If you would like to find out more about adopting in West Sussex our information sessions are a great place to start. These are held frequently throughout the county; please check our dedicated information sessions page.

LGBT+ couple - Stephen and Simon's story

Our adoption story

Adoptive dads Stephen and Simon share their story

Our adoption story began in early 2016, when we made that important, first-step to become adoptive parents by contacting West Sussex County Council.  

We met with Ben, our lovely Stage 1 advisor and fast forward a few months and we were sitting in a room full of other potential adopters on a three day Preparation Group – a beginners guide to help us prepare for being adoptive parents.

While we are both confident people sitting with a group of strangers, not knowing what to expect, was understandably daunting and actually quite nerve-wracking.

As it turned out, we did not need to be nervous. The course included important issues on the various challenges adoptive parents face bringing up an adoptive child, the types of traumatic backgrounds you could be presented with, plus what to expect and indeed what is expected of you, during the adoption process.

A few months later when all the necessary police, health and financial review checks have been completed we were told we’d passed our Stage 1 review. We become attached to our work based Children’s Nursery as Play Group Attendants to gain valuable childcare experience.  

We were given our own social worker to guide and support us through panel meetings and reviews - she would also eventually bring our lovely son into our lives.

Our social worker was direct, truthful and honest but also sympathetic, friendly and understanding, which made it really easy to connect with her. Shortly before Christmas, our report was submitted and reviewed and our Adoption Panel date was scheduled. When it finally arrived we drove down on a February morning to meet with our social worker and the most supportive guidance worker you could meet, who made it her mission to attend every Panel Meeting to give those going through the process some calm during what is a very stressful couple of hours.

Six friendly faces smiled at us as we walked in, our Social Worker had already been interviewed and gave her opinion of us and now it was our turn.
To be honest, we cannot recall the actual questions as we were so nervous. We returned back into the waiting room for the panels verdict.

A few minutes later and we were driving home crying our hearts out knowing we had just been approved as adoptive dads!

We remember the day we heard from our Social Worker about a potential child on the system she felt was right for us. We met, read the profile and were asked to discuss our next step the following day.

At the beginning of this whole process, we knew it would be extremely difficult when it came to matching with a child. However once you have been through the assessment process you understand that at the very moment when you are reading your potential newest family member’s assessment report, your social worker has been gathering all of this information, to match you to a child that not only are you right for, but who is right for you.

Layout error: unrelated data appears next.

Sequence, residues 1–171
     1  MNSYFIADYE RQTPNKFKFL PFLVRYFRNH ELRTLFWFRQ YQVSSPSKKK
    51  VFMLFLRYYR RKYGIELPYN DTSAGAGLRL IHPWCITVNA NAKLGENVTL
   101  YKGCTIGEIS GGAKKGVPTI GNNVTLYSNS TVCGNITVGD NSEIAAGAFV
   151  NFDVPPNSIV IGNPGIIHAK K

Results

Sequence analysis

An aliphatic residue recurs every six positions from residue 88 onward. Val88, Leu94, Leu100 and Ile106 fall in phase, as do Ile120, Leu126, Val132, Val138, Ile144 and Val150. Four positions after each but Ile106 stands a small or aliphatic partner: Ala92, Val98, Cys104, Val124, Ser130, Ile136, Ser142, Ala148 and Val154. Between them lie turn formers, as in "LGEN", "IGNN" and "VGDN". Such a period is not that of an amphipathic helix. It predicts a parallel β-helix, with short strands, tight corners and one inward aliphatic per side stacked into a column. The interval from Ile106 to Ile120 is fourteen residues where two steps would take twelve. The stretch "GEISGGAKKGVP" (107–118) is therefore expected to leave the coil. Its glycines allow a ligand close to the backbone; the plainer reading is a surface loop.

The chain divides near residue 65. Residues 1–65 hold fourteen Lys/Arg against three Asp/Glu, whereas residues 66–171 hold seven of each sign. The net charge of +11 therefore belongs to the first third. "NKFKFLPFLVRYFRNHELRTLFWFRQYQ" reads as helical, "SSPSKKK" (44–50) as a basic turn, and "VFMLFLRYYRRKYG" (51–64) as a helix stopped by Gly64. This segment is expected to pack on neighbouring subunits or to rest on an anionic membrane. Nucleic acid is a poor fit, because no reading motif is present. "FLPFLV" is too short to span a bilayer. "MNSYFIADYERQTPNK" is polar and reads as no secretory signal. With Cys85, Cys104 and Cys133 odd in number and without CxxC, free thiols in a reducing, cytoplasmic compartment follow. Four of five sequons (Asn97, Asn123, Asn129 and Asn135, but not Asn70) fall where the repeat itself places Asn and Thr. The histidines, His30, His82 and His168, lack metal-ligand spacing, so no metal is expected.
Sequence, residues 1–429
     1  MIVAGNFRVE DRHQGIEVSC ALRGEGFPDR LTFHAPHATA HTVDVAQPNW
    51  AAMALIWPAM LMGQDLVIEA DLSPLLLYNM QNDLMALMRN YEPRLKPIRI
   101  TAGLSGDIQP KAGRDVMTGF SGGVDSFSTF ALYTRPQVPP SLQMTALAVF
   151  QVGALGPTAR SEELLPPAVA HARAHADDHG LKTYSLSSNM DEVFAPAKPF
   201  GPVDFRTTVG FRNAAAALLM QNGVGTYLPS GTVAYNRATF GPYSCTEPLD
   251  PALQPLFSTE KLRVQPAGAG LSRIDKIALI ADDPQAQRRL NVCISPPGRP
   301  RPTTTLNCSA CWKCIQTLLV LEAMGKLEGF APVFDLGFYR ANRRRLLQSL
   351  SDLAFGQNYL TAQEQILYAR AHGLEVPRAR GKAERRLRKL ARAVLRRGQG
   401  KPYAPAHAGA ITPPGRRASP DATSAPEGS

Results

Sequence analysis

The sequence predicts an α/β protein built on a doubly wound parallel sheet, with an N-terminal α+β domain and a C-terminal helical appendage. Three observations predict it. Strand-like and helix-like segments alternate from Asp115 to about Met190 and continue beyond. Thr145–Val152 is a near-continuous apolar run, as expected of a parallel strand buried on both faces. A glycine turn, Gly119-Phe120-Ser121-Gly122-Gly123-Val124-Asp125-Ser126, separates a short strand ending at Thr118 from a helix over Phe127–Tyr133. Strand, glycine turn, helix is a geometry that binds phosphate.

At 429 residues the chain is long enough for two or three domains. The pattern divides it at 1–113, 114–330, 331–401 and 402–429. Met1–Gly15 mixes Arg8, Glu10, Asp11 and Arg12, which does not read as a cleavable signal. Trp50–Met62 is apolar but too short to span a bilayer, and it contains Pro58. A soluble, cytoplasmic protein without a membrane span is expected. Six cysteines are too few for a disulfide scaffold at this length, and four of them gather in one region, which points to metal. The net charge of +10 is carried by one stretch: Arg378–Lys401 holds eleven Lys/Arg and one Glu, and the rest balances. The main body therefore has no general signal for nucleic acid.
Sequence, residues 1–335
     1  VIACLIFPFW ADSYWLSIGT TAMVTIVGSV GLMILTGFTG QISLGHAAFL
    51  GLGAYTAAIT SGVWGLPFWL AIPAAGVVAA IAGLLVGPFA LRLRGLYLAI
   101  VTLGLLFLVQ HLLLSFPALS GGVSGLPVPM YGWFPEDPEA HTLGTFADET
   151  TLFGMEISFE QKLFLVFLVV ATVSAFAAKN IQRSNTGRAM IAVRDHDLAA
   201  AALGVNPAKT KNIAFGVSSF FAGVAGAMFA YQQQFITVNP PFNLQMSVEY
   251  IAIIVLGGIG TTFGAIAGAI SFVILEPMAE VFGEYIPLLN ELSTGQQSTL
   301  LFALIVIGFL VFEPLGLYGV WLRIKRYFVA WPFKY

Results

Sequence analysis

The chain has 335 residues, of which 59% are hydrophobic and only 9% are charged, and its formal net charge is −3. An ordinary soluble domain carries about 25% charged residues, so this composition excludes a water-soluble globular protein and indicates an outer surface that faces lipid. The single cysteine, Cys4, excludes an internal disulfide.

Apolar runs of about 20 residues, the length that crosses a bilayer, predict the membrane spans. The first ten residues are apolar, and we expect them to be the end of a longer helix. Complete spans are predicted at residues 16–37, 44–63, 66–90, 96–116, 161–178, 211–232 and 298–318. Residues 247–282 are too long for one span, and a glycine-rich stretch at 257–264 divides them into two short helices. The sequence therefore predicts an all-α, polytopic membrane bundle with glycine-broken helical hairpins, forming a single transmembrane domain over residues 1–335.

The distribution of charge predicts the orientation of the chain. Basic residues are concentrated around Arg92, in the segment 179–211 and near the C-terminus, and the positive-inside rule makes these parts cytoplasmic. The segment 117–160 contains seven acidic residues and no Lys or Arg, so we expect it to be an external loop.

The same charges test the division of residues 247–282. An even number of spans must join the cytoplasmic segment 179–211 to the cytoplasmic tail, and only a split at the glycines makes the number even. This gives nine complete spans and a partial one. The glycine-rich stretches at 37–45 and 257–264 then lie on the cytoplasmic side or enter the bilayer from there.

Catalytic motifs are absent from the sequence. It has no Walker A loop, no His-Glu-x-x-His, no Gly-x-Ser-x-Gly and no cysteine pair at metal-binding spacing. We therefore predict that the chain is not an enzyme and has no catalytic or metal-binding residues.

Fast forward a year and we are at home surrounded by toys with the most beautiful, inquisitive, intelligent, funny and independent little boy we could have wished for.

Looking back over the entire process, we felt totally supported by the wonderful social workers.

Adoption is such an amazing avenue for anyone wanting to add to their family. It takes drive, honesty and lots and lots of patience but your determination will be repaid tenfold when you finally get to look into your child’s eyes.

Our advice to prospective adopters is:

  • Don’t underestimate how emotional the process will be.
  • Start to look at your home and garden through the eyes of a child.
  • Evaluate your support network; and
  • Understand not everyone knows how to respond to adoption.

Find out more about adopting through West Sussex County Council.

Here are some quotes from other LGBT couples we've helped through the adoption process.  

Andrew and Ben said,

We finalised our adoption of Daniel two years ago. During the process through assessment, panel, matching, introductions and post placement the team at West Sussex were amazing in their support and advice; we could not have asked for more of them. During the assessment they really get to know you and because of that they were able to find the perfect match for us!
I should also say that at no point did we feel in any way treated differently because of our sexuality, we were just people who wanted to expand our family.
The process of adoption can be long, but I cannot stress strongly enough how rewarding it is. Daniel has been with us for three years now and is truly our son, our loving little boy. He has changed our lives in ways that I cannot describe or express. This has been a truly rewarding experience and we would certainly do it again.

Sue and Kate said,

My wife and I are currently progressing through the adoption assessment process with West Sussex County Council. The adoption team are great, fully inclusive, welcoming and supportive to all potential adopters. We have met lots of other LGBT adopters at different stages of the process and all have felt encouraged and supported by the great team at West Sussex.

Make an adoption enquiry with us now.